Just like every other winter, it's likely that many will suffer from various bugs and ailments. The same might be said about your company. What potential illnesses are floating around your office? Do people get along, or is the culture crumbling before your very eyes? If something is wrong, how do you know? Were there warning signs you missed? How can you tell whether it's a 24-hour bug or a long-term health crisis? The answers in business can be as ambiguous as they are in medical health.

Whatever your ailment, YPO member Elikem Tamaklo can prescribe just the right medicine. Tamaklo is a medical doctor specializing in emergency and tropical medicines, and is the Managing Director of Nyaho Medical Center in Accra, Ghana, a facility founded by his father that pioneered modern medicine in the country. Being a doctor and a business leader are jobs that require radically different skillsets, but Tamaklo found several elements of the disparate experiences that overlapped a surprising amount.

Tamaklo has learned a great deal about business leadership from his training and experience as a doctor. He's become so proficient at both that he was recently named the All Africa Young Business Leader 2018. This award honors African businesspeople for remarkable leadership and commitment to excellence, developing best practices and innovative strategies. Awardees have contributed to and shaped the African economy and are the visionaries behind outstanding businesses.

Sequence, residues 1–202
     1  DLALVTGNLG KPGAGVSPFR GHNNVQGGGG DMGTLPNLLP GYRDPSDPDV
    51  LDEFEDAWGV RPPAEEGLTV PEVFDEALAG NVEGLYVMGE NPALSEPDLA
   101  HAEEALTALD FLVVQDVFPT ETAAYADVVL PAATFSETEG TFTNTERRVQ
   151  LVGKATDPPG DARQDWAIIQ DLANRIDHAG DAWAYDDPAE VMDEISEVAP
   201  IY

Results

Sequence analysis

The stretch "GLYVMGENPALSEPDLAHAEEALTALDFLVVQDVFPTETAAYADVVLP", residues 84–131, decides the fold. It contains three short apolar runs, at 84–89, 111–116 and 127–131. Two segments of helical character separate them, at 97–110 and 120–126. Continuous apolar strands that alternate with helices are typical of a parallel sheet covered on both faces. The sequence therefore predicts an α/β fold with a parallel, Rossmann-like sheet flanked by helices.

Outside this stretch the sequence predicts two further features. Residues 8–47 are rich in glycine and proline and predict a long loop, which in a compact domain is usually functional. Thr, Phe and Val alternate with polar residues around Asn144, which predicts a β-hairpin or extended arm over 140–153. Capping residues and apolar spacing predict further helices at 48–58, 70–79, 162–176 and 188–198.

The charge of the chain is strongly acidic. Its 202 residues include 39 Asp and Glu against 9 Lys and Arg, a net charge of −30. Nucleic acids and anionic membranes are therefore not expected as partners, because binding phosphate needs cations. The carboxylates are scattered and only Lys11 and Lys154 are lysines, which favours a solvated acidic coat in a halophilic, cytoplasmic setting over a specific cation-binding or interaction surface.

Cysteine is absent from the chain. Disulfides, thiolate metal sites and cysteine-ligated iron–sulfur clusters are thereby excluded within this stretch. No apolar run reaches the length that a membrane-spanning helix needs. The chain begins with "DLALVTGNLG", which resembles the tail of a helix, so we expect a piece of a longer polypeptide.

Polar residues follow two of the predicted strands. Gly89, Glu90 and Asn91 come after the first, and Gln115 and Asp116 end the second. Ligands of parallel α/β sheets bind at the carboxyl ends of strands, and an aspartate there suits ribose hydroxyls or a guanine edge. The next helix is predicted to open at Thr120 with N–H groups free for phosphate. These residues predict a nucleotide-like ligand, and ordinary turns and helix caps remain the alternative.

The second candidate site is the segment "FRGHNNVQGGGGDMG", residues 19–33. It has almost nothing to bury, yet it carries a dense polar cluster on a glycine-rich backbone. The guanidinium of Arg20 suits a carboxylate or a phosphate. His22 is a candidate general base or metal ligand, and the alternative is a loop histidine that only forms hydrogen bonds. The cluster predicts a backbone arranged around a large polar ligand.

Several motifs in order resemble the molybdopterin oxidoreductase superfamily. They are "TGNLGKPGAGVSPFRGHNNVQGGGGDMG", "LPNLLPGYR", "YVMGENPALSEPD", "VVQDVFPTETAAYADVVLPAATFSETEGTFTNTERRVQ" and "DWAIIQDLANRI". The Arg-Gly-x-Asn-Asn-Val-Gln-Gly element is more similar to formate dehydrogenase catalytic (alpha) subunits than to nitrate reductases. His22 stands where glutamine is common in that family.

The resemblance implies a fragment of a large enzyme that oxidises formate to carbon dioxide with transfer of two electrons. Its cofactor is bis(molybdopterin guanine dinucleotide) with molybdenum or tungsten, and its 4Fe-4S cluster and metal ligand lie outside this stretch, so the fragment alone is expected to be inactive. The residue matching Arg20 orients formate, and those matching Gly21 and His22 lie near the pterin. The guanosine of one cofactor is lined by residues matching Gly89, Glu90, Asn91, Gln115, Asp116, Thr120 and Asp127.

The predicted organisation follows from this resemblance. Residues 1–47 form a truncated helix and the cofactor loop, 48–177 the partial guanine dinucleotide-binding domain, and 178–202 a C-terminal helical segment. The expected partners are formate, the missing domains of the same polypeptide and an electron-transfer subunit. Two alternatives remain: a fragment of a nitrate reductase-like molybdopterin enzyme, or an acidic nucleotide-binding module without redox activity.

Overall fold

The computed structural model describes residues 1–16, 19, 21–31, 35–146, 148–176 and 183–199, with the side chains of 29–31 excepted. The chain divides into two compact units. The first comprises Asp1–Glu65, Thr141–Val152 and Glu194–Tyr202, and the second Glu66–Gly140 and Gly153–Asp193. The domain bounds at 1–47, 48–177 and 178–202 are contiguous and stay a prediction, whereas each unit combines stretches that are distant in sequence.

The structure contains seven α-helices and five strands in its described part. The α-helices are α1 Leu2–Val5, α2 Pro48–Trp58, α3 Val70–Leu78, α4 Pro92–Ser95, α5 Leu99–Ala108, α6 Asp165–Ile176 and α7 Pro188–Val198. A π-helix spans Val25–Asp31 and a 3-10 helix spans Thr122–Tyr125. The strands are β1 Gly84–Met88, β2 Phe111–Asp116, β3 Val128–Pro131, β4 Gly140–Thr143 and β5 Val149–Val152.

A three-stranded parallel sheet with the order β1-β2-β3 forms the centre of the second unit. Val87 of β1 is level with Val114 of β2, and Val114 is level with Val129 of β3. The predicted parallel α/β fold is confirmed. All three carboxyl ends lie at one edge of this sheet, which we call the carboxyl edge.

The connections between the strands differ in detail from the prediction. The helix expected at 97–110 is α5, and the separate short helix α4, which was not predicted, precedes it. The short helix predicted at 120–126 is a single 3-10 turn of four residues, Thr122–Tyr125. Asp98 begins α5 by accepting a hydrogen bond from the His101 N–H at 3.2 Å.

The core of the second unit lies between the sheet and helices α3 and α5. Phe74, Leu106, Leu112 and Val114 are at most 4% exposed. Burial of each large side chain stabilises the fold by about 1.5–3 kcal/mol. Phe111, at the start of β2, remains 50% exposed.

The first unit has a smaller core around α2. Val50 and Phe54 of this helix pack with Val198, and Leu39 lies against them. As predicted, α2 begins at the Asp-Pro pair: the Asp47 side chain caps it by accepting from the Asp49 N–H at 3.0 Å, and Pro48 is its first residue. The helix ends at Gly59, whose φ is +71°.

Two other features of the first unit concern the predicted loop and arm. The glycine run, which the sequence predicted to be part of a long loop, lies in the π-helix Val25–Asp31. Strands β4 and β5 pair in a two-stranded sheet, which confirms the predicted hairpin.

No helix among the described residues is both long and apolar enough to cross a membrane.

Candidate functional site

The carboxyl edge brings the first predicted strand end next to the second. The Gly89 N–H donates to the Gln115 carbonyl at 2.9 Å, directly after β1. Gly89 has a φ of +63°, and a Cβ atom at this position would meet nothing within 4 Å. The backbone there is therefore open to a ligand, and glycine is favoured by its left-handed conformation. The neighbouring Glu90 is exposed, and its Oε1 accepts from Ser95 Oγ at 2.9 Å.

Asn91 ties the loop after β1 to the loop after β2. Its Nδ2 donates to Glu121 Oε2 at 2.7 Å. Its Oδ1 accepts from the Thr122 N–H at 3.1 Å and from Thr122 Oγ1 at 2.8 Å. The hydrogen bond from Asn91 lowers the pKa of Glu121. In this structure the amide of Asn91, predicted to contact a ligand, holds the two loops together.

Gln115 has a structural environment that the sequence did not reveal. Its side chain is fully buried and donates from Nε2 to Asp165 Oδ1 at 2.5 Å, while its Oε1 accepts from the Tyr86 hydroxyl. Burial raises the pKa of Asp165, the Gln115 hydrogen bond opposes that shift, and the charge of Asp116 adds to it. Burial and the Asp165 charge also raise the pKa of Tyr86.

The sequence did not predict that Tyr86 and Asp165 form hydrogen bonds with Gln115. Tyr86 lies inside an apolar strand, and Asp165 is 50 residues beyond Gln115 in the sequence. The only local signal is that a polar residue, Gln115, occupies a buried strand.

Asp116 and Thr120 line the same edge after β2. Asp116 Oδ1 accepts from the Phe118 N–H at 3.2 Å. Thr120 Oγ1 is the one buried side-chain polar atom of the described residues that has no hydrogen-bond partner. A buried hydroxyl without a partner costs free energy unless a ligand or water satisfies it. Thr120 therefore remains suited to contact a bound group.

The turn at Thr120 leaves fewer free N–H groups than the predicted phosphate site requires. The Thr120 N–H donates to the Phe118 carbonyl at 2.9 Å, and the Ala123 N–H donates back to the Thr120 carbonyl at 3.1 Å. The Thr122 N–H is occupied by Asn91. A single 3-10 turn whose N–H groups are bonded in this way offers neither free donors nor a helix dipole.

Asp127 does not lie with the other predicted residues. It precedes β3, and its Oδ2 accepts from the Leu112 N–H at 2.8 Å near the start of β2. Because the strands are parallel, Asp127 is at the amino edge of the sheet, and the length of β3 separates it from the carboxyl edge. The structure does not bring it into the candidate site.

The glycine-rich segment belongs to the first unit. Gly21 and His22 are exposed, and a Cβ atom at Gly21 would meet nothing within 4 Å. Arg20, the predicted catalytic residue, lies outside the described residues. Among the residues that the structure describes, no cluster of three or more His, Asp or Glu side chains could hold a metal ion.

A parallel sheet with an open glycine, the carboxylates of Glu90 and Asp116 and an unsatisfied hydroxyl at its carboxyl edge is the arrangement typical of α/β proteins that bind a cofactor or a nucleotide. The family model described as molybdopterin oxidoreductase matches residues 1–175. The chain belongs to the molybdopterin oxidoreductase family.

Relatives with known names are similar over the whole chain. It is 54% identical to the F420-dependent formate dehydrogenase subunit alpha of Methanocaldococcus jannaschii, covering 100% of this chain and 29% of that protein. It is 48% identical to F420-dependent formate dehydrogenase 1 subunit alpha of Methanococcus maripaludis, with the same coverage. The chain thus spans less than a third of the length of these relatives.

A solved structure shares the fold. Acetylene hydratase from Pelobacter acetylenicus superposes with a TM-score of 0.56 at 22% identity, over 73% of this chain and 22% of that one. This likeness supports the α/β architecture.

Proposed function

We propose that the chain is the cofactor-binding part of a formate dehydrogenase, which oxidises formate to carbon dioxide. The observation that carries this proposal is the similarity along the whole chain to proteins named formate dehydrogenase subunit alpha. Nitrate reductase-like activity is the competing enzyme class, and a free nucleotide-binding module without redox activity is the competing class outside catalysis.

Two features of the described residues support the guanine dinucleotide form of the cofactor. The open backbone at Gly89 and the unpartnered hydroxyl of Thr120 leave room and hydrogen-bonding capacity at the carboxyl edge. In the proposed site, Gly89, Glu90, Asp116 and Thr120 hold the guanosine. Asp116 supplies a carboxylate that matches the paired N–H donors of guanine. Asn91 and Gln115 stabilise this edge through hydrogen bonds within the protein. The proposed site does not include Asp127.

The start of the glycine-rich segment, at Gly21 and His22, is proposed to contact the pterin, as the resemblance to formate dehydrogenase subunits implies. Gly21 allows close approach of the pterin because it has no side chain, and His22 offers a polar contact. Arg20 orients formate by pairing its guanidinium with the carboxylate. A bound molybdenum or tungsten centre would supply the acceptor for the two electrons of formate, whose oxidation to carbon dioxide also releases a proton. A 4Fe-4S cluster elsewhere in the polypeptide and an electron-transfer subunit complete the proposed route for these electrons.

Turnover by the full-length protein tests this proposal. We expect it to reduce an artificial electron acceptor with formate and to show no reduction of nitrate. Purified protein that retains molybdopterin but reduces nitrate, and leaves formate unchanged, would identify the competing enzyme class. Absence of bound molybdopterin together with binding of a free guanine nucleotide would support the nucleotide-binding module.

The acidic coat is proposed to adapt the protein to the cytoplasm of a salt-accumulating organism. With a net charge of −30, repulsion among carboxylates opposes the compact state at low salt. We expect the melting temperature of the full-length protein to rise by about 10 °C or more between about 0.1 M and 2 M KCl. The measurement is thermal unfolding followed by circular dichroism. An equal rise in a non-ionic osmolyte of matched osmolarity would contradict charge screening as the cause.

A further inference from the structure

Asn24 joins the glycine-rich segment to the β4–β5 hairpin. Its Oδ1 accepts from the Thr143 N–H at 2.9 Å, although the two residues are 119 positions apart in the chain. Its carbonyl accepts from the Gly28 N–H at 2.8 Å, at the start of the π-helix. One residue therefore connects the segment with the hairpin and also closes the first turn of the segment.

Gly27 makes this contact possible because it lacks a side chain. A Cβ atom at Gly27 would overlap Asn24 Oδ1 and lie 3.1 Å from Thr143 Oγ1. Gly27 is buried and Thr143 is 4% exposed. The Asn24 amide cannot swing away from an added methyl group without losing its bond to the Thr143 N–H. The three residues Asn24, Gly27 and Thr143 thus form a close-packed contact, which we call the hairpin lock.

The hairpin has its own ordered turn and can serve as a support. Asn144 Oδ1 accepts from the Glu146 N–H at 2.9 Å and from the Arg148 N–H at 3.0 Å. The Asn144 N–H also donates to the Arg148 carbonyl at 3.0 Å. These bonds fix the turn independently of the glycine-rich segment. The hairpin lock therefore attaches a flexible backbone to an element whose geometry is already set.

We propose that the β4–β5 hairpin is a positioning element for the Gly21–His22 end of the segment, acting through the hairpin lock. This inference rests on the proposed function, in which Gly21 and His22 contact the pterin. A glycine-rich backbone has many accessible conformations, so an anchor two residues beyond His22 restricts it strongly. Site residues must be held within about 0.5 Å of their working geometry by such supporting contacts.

On an episode of my podcast YPO 10 Minute Tips from the Top, Tamaklo explains why the best medicine for your company may be, well, medicine:

1. Diagnose Continuously

With his expertise in emergency and tropical medicine, Tamaklo knows doctors must be rapid, accurate diagnosticians. "I actually love thrillers and love mystery and love problem solving, and I think that's why I like what I'm doing now...You always have a problem where you're trying to find out what the root cause is and trying to fix it...In terms of my work with an individual person coming into the ER, you're trying to problem solve very quickly to identify risk, and then addressing the risk first," he says. Tamaklo has taken that same diagnostic approach from medicine into his experience in management. "Every time in my mind," he says, "[I'm] looking at how we are organizing ourselves to deal with the next crisis, because there's always a crisis awaiting." If you're not able to quickly assess the situation, you can make critical mistakes early on and doom yourself to failure before you even begin.